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Wrightsville Beach Magazine May 2013

North Carolina’s got a great pottery tradition, but it always runs that line between art and craft. When she saw these huge pots in this exhibition and it was in the art museum ... she said, ‘This is fine art.’” “Mrs. Goodnight had seen, in 2005 … an exhibit at the North Carolina Museum of Art called ‘The Potters’ Eye’ and it featured the large-scale pottery of Ben Owen III and Mark Hewitt,” Kick says. “She loved it. That was a great show and she thought, ‘We really need this in the hotel.’ North Carolina’s got a great pottery tradition, but it always runs that line between art and craft. When she saw these huge pots in this exhibition and it was in the art museum … she said, ‘This is fine art.’” The color palette of both potters’ glazes complement the color palette of the hotel. “It really helped me become an amateur interior designer,” says Ben Owen III. Working with hotel designer Frank Nicholson, Owen III says it’s been a lot of fun designing what he looks for — proportion and color. Collaborating with SAS, the Goodnight’s software corporation and The Umstead’s parent company’s art and scenic crew, Owen III over- produced the dozen pots Ann Goodnight commissioned to allow her the latitude to make choices. He delivered this larger body of work and was pleasantly surprised to learn she accepted all of it. “I love that story,” Kick says. “I think it’s so charming because it was really hard for Mrs. Goodnight to say, ‘These are good and these aren’t as good.’ She loved them all; she really loved them all.” The pieces that are not displayed are reserved in the corporate pottery barn and the hotel’s Promenade pottery case, which was designed and fabricated by the art and scenic crew. Kick says the art and scenic crew is critical in every way. “They were the beginning crew that assisted and still assist Mrs. Goodnight in art purchasing and placement. The team … not only investigates art for her … they also frame and they hang and have a huge studio … where they can put things together for her. SAS’s collection is quite immense. All of their buildings have artwork in them,” Kick says. The crew also mounts the Promenade’s rotating exhibits that change four times a year and nurses original pieces that may have been accidentally damaged. “There’s no one, like in a museum, who’s guarding the art. People touch things, so whenever there’s a scratch or a piece that popped off … they’re right over here, ready to get it fixed,” Kick says. Hewitt’s and Owen III’s pots are considered the stars of the hotel. In addition to what is now on display and in storage, both potters are being commissioned to create new large-scale pieces for the hotel’s spa, which is in renovation this spring for three months. Owen III ponders better ways to build his big pots. Already, each piece is created in stages. Large pots are made in three or four pieces. Extremely large pots, five feet tall or larger, may be created in seven or eight pieces. Resolving pottery design challenges is a trait passed down from 18 WBM may 2013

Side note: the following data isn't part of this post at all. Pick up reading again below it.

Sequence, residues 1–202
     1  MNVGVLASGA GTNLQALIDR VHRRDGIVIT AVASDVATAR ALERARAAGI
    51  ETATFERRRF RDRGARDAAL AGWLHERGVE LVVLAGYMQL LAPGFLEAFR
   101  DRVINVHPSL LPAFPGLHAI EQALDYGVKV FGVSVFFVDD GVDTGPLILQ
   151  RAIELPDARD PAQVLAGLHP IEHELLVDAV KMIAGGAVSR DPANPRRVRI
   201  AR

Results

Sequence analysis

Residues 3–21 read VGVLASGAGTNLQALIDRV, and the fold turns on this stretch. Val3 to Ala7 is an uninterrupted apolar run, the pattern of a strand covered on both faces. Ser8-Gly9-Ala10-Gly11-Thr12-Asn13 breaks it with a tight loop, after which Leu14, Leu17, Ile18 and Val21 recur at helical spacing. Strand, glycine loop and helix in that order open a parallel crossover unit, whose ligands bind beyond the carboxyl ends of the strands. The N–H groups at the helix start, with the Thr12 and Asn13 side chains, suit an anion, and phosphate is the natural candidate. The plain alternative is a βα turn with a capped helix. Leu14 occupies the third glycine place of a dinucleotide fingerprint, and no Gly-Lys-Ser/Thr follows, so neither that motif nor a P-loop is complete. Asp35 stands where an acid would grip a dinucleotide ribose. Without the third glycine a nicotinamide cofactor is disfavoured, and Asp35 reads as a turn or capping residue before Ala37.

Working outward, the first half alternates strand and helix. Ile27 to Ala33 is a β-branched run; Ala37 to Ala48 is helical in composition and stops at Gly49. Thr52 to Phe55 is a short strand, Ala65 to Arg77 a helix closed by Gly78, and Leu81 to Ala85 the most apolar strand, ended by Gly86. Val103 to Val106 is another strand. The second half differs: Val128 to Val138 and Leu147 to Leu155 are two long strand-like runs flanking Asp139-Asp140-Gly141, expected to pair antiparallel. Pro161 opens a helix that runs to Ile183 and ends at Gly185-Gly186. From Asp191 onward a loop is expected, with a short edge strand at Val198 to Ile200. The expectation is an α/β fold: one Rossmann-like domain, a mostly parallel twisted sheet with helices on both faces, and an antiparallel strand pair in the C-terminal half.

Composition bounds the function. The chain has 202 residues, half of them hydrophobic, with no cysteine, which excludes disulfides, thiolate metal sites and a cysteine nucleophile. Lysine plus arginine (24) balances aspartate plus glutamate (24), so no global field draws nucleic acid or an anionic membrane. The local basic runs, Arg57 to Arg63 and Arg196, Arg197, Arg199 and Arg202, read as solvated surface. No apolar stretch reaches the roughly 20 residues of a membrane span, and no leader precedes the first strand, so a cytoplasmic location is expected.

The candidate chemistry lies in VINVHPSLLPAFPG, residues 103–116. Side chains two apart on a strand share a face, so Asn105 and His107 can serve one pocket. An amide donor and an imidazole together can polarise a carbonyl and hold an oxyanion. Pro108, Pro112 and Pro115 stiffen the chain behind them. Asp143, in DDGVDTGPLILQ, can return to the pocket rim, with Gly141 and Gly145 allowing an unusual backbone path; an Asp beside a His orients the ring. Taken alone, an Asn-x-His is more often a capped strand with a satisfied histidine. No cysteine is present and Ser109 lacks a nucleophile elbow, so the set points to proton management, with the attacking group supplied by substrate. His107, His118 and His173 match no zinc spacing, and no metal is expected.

Wrightsville Beach Magazine May 2013
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